The Infinite – 1, 2…Pass It

This week’s group is “The Infinite”, AKA James Lanning. James is 22-years-old, and although from Maryland, he attended New York University, where he doubled major and graduated magna cum laude (Where featuring classical pianists from Berklee, double majors with honors from NYU…what is this?!?!) He just moved back to NYC. Here his song, “1, 2…Pass it”, below, and find out how he writes his rhymes below. His verse is the first one.

The Infinite – “1, 2…Pass it”

1. When you start writing rap, do you start with the rhythm or the text (the words themselves)?

I usually start with the rhythm I want to use. Sometimes I freestyle for 16 bars or so, but more often I do something comparable to scatting. This helps me decide which sounds and rhythms work best for the beat.

2. How do you write your rhymes?

There is no specific time I dedicate to writing. I am constantly thinking of compound rhymes in my head—while at work, on the subway, in the grocery store, wherever. It definitely looks like I’m talking to myself, but I’m always trying to come up with new material. That being said, if I’m not inspired, I don’t force it. I’ll use that time to work on polishing some of my old material. I prefer writing in a notebook, though I don’t carry one around with me. I use my hand, a napkin, or my phone to jot down any rhymes I think of when I don’t have access to my book of rhymes.

3. What musical training do you have?

I play piano. My favorite composer is Rachmaninoff, and my favorite peace to play is prelude in C sharp minor. I have played for around 8 years.

4. Who’s your favorite rapper? Who’s your favorite producer?

My favorite rapper of all time is Rakim. My favorite producer is DJ Premier.

5. When you write rhymes, do you always write them to the beat? Or do you write the rhymes, and then try to find a beat to match them?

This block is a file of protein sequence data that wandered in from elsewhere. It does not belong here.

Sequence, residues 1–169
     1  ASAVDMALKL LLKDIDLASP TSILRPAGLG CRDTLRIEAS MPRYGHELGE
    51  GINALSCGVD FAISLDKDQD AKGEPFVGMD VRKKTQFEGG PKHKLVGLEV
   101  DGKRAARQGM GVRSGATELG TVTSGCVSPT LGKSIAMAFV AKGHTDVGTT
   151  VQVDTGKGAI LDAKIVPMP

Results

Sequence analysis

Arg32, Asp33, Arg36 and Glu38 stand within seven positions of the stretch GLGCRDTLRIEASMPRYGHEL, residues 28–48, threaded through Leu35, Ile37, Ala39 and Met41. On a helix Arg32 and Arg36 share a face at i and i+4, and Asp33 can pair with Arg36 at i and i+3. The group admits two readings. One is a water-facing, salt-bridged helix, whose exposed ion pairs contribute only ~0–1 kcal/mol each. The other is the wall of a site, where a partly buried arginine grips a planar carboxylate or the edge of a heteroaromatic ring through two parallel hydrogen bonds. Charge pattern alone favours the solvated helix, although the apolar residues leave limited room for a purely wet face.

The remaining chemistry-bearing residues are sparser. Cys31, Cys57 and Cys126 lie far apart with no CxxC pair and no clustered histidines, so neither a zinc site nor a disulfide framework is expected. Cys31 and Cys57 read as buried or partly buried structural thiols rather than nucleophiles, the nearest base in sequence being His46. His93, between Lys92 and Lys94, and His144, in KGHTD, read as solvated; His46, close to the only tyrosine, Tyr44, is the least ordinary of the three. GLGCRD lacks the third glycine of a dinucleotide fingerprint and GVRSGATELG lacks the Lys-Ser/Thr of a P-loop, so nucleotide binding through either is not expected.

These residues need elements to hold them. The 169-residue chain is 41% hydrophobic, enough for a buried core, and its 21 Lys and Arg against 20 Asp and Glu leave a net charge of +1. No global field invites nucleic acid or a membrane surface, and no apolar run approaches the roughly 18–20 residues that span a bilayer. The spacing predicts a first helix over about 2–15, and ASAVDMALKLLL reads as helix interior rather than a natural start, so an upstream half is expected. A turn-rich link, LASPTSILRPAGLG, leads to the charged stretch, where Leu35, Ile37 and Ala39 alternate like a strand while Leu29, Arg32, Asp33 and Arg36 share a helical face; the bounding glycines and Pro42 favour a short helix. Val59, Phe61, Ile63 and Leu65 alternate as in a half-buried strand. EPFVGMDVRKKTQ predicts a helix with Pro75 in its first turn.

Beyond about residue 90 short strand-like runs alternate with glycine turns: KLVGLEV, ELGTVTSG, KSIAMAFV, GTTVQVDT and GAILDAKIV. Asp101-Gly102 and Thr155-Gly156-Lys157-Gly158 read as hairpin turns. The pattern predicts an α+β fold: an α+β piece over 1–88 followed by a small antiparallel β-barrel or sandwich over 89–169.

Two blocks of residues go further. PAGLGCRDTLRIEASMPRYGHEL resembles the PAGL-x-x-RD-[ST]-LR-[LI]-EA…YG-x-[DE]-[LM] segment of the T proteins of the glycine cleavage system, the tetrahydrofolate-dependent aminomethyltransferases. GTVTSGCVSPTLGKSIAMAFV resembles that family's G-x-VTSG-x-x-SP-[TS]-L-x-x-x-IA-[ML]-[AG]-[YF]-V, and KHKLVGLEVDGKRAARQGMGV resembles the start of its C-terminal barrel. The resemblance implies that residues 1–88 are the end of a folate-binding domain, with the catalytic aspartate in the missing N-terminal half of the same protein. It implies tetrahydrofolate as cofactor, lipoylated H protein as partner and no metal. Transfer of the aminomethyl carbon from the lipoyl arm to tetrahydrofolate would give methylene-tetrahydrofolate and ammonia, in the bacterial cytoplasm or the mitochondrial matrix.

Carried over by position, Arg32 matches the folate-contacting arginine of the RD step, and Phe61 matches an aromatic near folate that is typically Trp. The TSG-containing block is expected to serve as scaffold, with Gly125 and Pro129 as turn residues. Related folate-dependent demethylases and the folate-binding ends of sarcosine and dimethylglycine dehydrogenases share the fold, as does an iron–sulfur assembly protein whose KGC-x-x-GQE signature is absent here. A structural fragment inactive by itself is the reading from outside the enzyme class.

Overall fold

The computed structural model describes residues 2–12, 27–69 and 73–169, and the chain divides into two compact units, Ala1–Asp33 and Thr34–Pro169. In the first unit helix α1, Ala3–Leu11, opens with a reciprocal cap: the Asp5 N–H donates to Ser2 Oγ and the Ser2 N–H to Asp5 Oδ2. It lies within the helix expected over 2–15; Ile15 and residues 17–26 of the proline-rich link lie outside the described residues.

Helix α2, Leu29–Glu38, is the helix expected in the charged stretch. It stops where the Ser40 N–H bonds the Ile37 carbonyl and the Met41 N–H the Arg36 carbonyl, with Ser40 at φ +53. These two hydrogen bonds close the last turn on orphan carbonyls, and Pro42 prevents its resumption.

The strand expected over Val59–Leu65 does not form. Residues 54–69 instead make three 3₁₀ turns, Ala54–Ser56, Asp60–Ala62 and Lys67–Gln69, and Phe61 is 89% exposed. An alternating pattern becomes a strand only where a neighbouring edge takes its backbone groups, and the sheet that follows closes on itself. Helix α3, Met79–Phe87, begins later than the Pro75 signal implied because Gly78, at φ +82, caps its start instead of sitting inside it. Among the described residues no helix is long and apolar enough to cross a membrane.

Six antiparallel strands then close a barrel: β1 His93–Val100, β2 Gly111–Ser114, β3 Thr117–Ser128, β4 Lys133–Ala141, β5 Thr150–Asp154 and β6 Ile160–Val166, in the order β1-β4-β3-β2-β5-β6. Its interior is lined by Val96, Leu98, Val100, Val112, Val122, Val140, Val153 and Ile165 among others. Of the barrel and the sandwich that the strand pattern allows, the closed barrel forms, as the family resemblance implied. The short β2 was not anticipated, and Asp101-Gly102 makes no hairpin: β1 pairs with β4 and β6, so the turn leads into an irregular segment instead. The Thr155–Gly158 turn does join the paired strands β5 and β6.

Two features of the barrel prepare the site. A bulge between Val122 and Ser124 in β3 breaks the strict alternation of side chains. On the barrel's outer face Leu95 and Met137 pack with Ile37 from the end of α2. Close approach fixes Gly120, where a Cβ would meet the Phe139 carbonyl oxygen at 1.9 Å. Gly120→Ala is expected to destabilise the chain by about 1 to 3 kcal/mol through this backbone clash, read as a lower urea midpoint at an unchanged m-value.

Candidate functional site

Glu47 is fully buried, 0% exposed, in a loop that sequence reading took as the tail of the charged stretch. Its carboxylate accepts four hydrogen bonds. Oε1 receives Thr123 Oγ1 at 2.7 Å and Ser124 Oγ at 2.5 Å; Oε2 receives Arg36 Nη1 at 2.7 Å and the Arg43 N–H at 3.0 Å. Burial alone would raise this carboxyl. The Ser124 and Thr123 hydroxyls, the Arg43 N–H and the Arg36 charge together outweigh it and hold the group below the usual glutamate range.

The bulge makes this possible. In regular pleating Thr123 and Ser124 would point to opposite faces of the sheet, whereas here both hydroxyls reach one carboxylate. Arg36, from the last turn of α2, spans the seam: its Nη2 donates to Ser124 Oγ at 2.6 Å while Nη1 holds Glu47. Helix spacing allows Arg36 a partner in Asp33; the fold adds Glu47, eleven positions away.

I always write to a specific beat. I think this is a good practice ensuring that your flow does not become redundant over a series of records. Every beat gives me a different feel, which I attempt to match in the delivery and lyrics I use.

6. When you put the rhymes and beat together, is that it? Or do you back and forth between the two to make them work better together?

I write with the beat. I look at my vocals as another instrument. All of these instruments have to work together to create something that is sonically appealing. I think writing to each beat is the most effective method in meshing the emcee’s instrument with those of the instrumental.

7. In your opinion, is rap music, poetry, or both?

Rap is both poetry and music. As previously stated, the emcee is an instrument in him or her self. You can rap a cappella and still hear the rhythms and music in the words themselves. These words, their meanings, and their evocations of emotion (that is, their ability to move the emcee and the audience—move the crowd) are the poetry.

Martin Connor is a music teacher & writer from Philadelphia, PA, with a music degree of high distinction from Duke University who is currently studying for a master’s degree at Brandeis University in Boston, MA, while focusing his research on the vocal melodies of the rap genre. He has contributed freelance articles to HipHopDX, Complex, and Pigeons and Planes, and had multiple articles from his website, go viral on BET, The Source, XXL, and MTV. He teaches rap lessons online through the music school LessonFace, and has a book, The Artistry Of Rap Music, forthcoming from the McFarland Publishing House, scheduled for release in late 2017, as a follow-up to his 2014 contribution to their anthology "Eminem & Rap, Poetry, Race." He welcomes all comments, compliments, insults, and restaurant suggestions at [email protected].

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